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Discussion Starter · #1 · (Edited)
DISCLAIMER: The procedures, methods and products written up here was for my circumstances only and were performed on a 2001 Automatic. I make no promises that your results will be the same nor do I claim that this is the best way to do it. USE AT YOUR OWN RISK!

Printable PDF Attached at the end of the post

WARNING: Automotive fluids are not good for you. I have no reason do doubt the statement that used fluids are carcinogenic. Use latex gloves when handling used automotive fluid, and wash hands soon after you are complete with the task.

WARNING on working under a raised vehicle: This procedure requires that the vehicle be raised. Do not depend on the jack alone. Use jack stands and place them under the lift points as described in the owner’s manual.

Time Required: 1 hour

Differential Drain/Fill Crush Wash Part Number: 12157-10010. $0.84 each
Qty Needed: 2

Differential Fluid used, Mobil 1 Synthetic 75/90 GL-5 rated. $9.85 each
Qty Needed: 1.3 qts (2 bottles)
(Don’t cheap out here. This fluid will be in your car for 30k at least (my change interval). Some wait until 60k has passed to replace the differential fluid. That is a long time, and it is better to put in quality fluids and know that you are protected)

For people who have LSD, plan on purchasing a bottle of GM limited slip additive. Add this first, then add the differential fliuid until the diff is full. Thanks to Alexus_300 for this info.

Tools Needed:
-1/2” breaker bar
-10" 3/8" extension
-10mm allen key 3/8” socket
-torque wrench capable of up to 50 ft lbs
-12-14” length 3/8” clear tubing or a spill stop fluid tube (pictured)


Begin by driving the car 5-7 minutes to warm the differential fluid. If the car is already hot, skip this step. Warm diff fluid will drain faster and more completely. Be aware that you are also working very close to the exhaust piping. If the car is fully warm, so too will be the exhaust.

Step 1. Jack up the car. The car should be level when jacked up.
Step 2. Remove the *FILL* plug first. If you for some reason you drain the diff and cannot get the fill plug removed, you will have to flat bed your car to the dealer. Better to be safe and make sure you can undo the fill plug first. Use the 10mm allen head socket and the ½” breaker bar. This bolt will be tight. Make double sure that the allen is square and firmly in the hole before applying force.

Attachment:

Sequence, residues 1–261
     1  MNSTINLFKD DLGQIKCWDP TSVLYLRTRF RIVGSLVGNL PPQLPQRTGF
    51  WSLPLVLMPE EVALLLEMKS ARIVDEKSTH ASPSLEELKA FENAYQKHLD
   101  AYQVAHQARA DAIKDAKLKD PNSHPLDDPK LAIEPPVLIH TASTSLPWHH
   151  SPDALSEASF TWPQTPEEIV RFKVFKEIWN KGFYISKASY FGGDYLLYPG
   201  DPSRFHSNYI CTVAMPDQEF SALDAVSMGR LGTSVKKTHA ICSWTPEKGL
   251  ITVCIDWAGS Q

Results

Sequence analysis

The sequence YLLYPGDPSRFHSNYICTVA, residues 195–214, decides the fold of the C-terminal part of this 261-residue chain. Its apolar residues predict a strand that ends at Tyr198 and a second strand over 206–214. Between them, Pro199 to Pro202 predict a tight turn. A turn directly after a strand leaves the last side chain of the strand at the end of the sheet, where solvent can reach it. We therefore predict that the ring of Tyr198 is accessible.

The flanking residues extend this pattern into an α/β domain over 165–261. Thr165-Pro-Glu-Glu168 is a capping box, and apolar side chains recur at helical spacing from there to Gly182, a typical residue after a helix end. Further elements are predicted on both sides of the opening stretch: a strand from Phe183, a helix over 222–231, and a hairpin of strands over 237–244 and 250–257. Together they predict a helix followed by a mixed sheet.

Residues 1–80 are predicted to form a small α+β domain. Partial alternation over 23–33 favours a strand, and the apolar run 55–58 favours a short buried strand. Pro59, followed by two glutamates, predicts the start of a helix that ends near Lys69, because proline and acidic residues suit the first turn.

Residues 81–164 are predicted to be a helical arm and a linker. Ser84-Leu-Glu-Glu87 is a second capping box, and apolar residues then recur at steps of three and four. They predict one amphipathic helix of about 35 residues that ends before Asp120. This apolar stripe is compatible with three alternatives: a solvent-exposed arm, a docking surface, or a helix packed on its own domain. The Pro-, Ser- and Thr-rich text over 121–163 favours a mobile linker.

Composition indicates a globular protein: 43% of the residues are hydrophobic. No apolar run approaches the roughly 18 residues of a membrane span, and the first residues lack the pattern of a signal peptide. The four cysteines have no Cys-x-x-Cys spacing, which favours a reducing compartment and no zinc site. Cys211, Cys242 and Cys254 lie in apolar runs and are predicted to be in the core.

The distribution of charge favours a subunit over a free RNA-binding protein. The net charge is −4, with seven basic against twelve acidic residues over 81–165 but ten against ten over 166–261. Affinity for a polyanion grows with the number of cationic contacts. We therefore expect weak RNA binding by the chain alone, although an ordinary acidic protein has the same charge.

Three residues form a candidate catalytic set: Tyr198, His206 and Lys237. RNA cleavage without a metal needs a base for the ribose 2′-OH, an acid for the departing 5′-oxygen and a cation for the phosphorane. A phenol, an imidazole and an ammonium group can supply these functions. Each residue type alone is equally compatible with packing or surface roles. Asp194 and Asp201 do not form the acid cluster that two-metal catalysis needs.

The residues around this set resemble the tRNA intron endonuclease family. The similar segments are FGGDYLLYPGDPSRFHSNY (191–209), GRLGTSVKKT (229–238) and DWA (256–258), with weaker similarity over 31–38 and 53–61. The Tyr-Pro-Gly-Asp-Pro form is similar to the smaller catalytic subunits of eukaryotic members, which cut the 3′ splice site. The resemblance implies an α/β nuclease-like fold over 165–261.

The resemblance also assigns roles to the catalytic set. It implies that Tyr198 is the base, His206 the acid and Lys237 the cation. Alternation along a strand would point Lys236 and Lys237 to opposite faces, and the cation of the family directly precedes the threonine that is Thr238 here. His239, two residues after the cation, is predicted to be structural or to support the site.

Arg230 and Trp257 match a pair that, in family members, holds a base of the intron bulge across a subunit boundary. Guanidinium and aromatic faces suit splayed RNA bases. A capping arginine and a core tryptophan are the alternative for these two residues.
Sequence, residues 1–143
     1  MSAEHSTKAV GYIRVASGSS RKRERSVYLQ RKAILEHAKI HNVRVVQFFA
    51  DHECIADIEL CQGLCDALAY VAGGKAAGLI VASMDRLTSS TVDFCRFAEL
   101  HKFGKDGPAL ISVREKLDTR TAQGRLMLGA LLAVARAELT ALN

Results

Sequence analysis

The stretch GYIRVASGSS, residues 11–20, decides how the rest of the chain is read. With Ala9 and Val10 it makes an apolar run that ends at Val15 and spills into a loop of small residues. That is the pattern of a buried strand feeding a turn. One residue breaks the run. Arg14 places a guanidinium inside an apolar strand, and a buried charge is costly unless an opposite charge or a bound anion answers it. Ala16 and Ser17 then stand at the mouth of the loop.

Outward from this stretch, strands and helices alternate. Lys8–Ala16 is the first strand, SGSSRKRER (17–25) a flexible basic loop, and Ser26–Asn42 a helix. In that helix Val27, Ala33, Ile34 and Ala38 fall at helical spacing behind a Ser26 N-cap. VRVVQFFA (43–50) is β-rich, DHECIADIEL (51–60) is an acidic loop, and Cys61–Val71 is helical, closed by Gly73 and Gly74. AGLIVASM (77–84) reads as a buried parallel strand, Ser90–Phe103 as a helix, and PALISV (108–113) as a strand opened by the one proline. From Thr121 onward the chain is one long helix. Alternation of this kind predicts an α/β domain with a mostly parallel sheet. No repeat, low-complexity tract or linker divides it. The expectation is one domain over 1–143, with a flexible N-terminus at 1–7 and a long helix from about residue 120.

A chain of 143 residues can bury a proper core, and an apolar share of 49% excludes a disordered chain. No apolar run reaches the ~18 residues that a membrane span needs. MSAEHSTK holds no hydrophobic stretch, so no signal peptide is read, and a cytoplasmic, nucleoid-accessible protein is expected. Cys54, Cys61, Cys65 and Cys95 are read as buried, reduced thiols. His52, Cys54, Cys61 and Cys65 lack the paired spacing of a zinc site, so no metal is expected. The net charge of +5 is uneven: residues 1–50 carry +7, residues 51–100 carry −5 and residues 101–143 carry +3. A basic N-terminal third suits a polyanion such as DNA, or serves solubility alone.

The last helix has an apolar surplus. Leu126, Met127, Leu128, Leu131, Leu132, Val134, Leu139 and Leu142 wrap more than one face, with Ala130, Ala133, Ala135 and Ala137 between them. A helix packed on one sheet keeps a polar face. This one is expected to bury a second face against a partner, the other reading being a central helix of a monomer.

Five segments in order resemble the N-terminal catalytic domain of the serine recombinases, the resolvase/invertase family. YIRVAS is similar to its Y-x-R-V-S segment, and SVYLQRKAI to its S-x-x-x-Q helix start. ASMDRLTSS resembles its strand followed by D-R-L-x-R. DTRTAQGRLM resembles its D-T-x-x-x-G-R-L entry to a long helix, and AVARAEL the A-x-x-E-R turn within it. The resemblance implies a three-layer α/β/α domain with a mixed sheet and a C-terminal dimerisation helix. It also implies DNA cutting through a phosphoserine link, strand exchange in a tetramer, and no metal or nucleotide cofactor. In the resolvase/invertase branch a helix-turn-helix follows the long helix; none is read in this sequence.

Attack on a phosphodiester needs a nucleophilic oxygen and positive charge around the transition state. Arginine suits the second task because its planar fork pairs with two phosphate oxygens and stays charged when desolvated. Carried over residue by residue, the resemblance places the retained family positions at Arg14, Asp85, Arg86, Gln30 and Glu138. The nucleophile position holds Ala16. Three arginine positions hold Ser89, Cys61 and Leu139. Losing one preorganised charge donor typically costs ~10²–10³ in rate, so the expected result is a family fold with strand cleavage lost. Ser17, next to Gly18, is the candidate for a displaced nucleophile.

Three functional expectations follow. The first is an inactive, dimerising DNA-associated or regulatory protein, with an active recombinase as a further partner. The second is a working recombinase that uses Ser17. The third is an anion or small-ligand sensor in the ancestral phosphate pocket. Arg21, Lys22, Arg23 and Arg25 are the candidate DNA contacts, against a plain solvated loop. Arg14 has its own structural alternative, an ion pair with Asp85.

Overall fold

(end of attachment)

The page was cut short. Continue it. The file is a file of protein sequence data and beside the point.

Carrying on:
Step 3. After you remove the fill plug, remove the drain plug using the same 10mm allen and the breaker bar.

Step 4. Allow fluid to drain. Go and have a beer and by the time you return it should be ready.
Step 5. Clean the drain plug. The plug is magnetic and is designed to capture and hold the fine metal shavings associated with normal wear. The plug should have black-like goo on it. If you see large metal shavings or chunks, call your dealer and ask them what they recommend.

Step 6. Replace the crush washer on both the drain and fill plugs. Reinstall the drain plug and tighten to 39 ft lbs.
Step 7. Use either the spill stop tube or the clear tubing, attach the tube to the top of the oil container. Make sure it is tight, as you will have to squeeze the fluid into the differential. You don’t want any leaks as you will be under the tube while you are squeezing.


Step 8. Position the oil canister inside the passenger side wheel as far above the differential fill plug as possible. Squeeze in as much of the first quart as possible.


Step 9. When complete, you will likely have extra fluid left in the bottle. Transfer it to the full bottle and repeat the process. You should be able to get almost ½ of the 2nd bottle into the differential before fluid starts to drip out. Once fluid begins to drip, stop filling, remove the tube, and replace the fill plug (using a new crush washer)
Step 10. You will need a 10” extension to get far enough away to use a torque wrench. Torque this bolt also to 39 ft lbs.
Step 11. Double check that you have torqued both fill and drain plugs. You are done.

Optional tasks:
- Since you are under your car, you should check all 4 of your axle boots. Any leaks or tears in these boots could mean a costly repair. However if caught early, you can just replace the boot, repack it with grease, and be fine.